Last week, I talked about what diet culture is and where you find it — both the obvious and hidden places. This week, I turn to how diet culture harms all of us. And I really do mean all of us, because even if you’ve never dieted, you are still swimming in diet culture waters.

How diet culture harms dieters

Diet culture feeds us the idea that we will be healthier, happier and more worthy if we lose weight, and that the next diet is just the ticket. When we buy into those lies, a number of things can happen:

  • You lose weight, and feel the glow of social acceptance — praise from friends, family, coworkers, healthcare providers — followed by the fear of losing that acceptance if you regain the weight, which leaves you working desperately to maintain your loss, even if it gets harder and harder, and you feel hungrier and hungrier.
  • You lose weight, feel the glow of social acceptance, but then start regaining the weight after a few months (or maybe you make it a whole year or more before this happens). You start sinking into feelings of failure, and may start avoiding certain people or situations to try to hide your “failure” the best you can. If you were very vocal about your weight loss “success” when you were still losing, and briefly maintaining, the desire to stick your head in the sand may be even more acute.
  • You try mightily to lose weight, but the scale doesn’t budge more than a few pounds — or maybe the number on the scale even goes up. You beat yourself up for being weak, for not being able to succeed at this Very Important Thing. You may worry that you will die early, unloved. All the things you were waiting to do until you lost weight — that trip to Hawaii, asking for a raise, baring your arms and legs in the summer, dating — stay on the back burners.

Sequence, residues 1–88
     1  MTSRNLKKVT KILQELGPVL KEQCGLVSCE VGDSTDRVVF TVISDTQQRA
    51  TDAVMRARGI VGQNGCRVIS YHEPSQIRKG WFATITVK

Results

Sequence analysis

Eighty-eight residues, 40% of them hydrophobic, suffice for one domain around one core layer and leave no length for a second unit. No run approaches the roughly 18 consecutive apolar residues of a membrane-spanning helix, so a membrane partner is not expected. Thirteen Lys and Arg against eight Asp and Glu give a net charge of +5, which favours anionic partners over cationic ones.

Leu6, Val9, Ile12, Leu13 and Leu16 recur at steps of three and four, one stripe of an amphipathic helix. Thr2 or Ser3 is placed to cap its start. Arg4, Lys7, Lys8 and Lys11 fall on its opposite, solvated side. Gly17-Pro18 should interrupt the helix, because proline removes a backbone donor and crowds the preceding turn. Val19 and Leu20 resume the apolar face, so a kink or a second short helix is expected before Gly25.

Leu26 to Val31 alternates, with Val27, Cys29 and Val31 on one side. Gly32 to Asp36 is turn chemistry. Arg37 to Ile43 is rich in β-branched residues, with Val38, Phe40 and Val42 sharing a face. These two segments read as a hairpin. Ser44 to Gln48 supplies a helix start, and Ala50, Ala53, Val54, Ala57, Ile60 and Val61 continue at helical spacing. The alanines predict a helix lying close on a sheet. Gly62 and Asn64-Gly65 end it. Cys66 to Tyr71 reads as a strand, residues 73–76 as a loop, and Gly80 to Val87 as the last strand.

In all three of these scenarios, we spend a significant amount of time, money and energy in the pursuit of weight loss. Time, money and energy we could be spending on much more important and fulfilling things. Things that bring us joy and may actually contribute to better health.

If I could only say one thing to you, it would be this: You are not worth more or less based on how you eat or what you weigh.

How diet culture harms non-dieters

Even if you’ve never pursued weight loss, diet culture can harm you. Why? Because even if you aren’t particularly caught up in dieting and diet culture, odds are good that at least a few people near and dear to you are. I’ve had clients who finally decided to start breaking free of diet culture only because they saw how their obsessive, restrictive eating behaviors (often accompanied by body shame) were impacting their relationships with their partners, and causing them to socially isolate themselves, which impacted friendships. They also couldn’t be fully present when they were with the people they cared about, because all they could think about was the food, the eating of it or the avoiding of it.